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lbelk
#13
Nov10-12, 11:40 AM
P: 2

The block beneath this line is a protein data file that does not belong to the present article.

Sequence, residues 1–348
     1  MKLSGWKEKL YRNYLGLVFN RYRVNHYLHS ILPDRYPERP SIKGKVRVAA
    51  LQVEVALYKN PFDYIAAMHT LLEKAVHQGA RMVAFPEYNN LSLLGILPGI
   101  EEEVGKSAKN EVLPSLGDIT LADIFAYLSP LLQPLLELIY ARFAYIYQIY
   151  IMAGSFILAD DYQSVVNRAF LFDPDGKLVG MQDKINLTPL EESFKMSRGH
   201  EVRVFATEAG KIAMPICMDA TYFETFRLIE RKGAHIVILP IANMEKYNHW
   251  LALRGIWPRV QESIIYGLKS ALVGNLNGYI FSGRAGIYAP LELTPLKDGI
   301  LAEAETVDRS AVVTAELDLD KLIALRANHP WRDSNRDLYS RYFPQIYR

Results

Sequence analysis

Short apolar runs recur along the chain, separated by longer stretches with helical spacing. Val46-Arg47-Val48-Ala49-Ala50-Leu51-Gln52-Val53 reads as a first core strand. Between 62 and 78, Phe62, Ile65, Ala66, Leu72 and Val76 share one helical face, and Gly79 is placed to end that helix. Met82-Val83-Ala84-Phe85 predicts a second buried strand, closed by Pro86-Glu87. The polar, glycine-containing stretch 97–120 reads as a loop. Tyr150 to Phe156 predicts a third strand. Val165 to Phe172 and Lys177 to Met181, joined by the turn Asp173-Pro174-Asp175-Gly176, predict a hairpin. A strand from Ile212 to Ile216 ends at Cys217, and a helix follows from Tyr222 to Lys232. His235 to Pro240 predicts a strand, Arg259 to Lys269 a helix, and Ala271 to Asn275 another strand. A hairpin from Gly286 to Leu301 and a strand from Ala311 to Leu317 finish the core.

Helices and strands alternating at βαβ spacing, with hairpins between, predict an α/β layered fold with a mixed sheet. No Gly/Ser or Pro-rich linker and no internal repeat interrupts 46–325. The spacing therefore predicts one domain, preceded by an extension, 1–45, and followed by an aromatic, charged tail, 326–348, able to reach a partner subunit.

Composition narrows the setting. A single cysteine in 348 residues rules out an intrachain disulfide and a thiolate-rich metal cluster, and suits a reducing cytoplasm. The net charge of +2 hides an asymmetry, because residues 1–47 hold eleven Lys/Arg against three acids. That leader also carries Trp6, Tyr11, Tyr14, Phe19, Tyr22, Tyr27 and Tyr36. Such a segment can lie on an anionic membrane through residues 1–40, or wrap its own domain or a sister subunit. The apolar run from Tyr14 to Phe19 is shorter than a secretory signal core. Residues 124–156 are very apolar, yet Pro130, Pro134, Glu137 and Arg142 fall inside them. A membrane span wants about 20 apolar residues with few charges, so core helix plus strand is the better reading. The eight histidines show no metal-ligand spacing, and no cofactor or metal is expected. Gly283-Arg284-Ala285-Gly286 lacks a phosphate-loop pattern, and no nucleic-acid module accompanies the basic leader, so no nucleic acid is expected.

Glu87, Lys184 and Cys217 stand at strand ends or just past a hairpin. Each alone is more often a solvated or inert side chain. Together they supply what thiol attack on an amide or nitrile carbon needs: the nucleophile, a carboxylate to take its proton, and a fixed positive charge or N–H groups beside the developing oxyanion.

I've been in a similar position before, and I can offer some practical strategies to help while you're working on the longer-term solutions to kick in (life changes, therapy, medication, those hard things that will need time to take effect). I have found that one way to get through a short period of depression when you have a goal in sight is to set rules for yourself- you must do things that you know are healthy, like defined exercise and food choices and avoiding self-destructive practices like drinking alcohol alone or or seeing depressing movies, websites, chat rooms, etc. You must also police your ruminations, and do your best to avoid replaying situations you feel you handled badly- social interactions or past memories or test performance or whatever you may be judging yourself on. Whenever depression starts to act up it seems that people become hypercritical of themselves. I read somewhere that depressed people weren't necessarily incorrect in their perception of their performance, they were stripped of the blinders most people have as protection against their own inadequacy. So that you suddenly see in black and white all the little stupid things you constantly do that everyone else is oblivious to, or forgives themselves for, without thinking. And you focus on each one of these until all you can see is a mountain of failures. Yet most people would not even notice or remember those incidents that you are worrying about! I am middle-aged now, but I have gone through several periods of depression such as you are describing. At first it took medication and therapy to overcome, but I also learned to realize when I was being too absorbed with my own reactions to small events. Obviously long term you must deal with your issues, but short term it does no good at all to re-play and agonize over interactions- make a plan to address your problems, then each day focus on a healthy day and positive situations that keep you from re-playing events instead of focusing on the present And realize depression makes it harder to memorize things, so use memory aids- when you feel better, your memory skills will return to normal too Hope this helps you